A leading computer security firm has used logs produced by a single server to trace the hacking of more than 70 corporations and government organizations over many months, and experts familiar with the analysis say the snooping probably originated in China.
Among the targets were the Hong Kong and New York offices of the Associated Press, where unsuspecting reporters working on China issues clicked on infected links in e-mail, the experts said.
Other targets included the networks of the International Olympic Committee, the United Nations secretariat, a U.S. Energy Department lab, and a dozen U.S. defense firms, according to a report released Wednesday by McAfee, a security firm that monitors network intrusions around the world.
McAfee said hundreds of other servers have been used by the same adversary, which the company did not identify.
But James A. Lewis, a cybersecurity expert at the Center for Strategic and International Studies, said “the most likely candidate is China.” The target list’s emphasis on Taiwan and on Olympic organizations in the run-up to the Beijing Games in 2008 “points to China” as the perpetrator, he said. “This isn’t the first we’ve seen. This has been going on from China since at least 1998.”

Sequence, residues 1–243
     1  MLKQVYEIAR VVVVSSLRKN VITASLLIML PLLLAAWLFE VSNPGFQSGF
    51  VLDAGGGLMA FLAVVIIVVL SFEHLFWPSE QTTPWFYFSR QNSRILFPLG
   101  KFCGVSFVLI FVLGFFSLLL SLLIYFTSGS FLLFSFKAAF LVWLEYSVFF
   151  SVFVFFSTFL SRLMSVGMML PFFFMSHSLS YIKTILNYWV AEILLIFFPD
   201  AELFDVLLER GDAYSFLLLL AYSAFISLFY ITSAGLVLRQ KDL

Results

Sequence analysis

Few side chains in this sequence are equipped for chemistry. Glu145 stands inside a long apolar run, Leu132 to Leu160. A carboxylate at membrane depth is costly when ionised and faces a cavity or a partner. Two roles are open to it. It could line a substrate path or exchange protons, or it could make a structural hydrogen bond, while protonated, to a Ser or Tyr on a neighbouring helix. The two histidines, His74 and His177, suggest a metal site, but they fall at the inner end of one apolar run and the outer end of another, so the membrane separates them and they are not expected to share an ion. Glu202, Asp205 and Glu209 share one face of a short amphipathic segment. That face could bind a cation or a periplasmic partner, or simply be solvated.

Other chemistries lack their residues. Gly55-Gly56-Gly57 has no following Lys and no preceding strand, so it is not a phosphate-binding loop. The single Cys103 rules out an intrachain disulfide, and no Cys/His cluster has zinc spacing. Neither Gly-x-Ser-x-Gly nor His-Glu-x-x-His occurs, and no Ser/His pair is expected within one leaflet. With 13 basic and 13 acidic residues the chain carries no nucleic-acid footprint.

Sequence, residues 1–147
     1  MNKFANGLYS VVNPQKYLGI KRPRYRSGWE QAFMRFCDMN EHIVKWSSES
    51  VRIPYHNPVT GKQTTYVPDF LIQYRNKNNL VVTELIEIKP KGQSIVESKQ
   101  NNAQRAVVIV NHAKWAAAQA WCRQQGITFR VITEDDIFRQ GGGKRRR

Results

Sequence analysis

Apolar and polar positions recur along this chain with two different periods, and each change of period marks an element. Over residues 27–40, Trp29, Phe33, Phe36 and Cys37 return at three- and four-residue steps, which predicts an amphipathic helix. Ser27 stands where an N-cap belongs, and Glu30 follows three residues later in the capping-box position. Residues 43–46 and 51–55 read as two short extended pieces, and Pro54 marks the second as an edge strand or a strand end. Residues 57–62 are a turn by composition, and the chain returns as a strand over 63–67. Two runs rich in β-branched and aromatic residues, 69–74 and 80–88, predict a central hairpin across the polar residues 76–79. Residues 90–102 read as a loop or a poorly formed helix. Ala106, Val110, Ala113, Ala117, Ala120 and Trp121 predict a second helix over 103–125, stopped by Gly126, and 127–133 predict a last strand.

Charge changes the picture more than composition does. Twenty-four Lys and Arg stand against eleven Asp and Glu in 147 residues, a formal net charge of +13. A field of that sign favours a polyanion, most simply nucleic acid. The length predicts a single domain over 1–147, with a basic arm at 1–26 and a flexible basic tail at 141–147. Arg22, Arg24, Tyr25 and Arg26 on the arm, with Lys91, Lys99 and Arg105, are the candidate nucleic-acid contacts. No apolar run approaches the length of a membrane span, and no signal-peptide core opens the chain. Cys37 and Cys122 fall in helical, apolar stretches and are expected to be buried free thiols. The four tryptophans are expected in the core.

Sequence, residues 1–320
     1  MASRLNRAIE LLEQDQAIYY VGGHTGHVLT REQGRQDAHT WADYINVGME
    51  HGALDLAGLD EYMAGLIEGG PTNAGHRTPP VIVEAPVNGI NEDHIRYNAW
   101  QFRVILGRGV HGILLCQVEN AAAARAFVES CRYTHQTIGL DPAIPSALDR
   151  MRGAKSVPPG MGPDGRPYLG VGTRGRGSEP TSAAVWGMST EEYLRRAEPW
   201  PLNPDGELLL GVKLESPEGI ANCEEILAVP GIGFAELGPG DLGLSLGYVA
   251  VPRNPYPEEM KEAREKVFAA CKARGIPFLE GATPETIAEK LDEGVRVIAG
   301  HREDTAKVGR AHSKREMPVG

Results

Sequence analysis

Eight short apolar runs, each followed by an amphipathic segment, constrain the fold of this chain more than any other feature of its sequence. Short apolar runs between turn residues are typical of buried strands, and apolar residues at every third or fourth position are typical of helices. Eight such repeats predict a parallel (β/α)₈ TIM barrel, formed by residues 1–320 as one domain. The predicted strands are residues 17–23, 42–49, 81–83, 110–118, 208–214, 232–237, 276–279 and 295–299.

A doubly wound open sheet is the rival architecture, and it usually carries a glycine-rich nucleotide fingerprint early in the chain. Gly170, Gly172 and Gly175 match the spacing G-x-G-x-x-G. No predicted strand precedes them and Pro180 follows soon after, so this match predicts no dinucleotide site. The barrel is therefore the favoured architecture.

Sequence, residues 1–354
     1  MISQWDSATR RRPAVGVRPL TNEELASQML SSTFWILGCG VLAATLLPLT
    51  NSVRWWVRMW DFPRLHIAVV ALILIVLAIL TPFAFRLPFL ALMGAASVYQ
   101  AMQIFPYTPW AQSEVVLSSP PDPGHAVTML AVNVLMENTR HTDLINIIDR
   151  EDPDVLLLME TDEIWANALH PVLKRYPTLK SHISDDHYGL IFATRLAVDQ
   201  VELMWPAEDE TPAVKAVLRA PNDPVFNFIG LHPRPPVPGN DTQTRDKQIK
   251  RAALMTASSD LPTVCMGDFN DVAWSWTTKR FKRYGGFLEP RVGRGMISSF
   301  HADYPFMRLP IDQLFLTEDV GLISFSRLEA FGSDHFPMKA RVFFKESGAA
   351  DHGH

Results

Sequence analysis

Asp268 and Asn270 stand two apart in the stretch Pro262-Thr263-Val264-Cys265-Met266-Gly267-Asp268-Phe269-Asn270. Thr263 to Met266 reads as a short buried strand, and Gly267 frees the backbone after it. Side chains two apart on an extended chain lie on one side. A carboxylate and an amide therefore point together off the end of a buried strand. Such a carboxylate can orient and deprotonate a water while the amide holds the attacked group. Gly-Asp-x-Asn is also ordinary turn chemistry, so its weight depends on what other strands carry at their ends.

Lets not get too excited. This could have been a useful political tool to bargain with the PRC all the way through the 2000s if successive western governments hadn’t decided to look the other way. The question is: Can they afford to not pay attention now?
Guess what, everybody? Arabs and Israelis have found a new way to hate each other. Since the turn of the year, a hacking war has been taking place in the Middle East. The conflict was primarily ignited by two guys: one called “0xOmar,” who’s battling for Saudi Arabia and claims to be from the Saudi capital of Riyadh, and another called (confusingly) “OxOmer,” aka Omer Cohen, an IDF soldier and proud Israeli. Between them, these two men have been leading newly-formed legions of keyboard warriors in a rush and a push to spill the other side’s credit card details all over the web and generally make their lives as tedious and annoying as possible.